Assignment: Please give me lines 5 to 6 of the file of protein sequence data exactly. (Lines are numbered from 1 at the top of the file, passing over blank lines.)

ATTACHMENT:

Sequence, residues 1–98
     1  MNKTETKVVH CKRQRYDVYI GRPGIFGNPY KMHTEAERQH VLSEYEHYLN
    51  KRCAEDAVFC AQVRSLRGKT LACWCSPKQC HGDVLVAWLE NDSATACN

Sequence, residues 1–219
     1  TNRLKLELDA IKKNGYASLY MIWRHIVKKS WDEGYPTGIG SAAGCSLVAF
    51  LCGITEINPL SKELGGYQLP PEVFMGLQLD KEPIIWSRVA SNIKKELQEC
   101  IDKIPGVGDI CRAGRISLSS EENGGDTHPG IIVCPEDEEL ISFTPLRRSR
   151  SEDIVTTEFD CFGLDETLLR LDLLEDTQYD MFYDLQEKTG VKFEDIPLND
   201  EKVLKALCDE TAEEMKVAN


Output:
     1  TNRLKLELDA IKKNGYASLY MIWRHIVKKS WDEGYPTGIG SAAGCSLVAF
    51  LCGITEINPL SKELGGYQLP PEVFMGLQLD KEPIIWSRVA SNIKKELQEC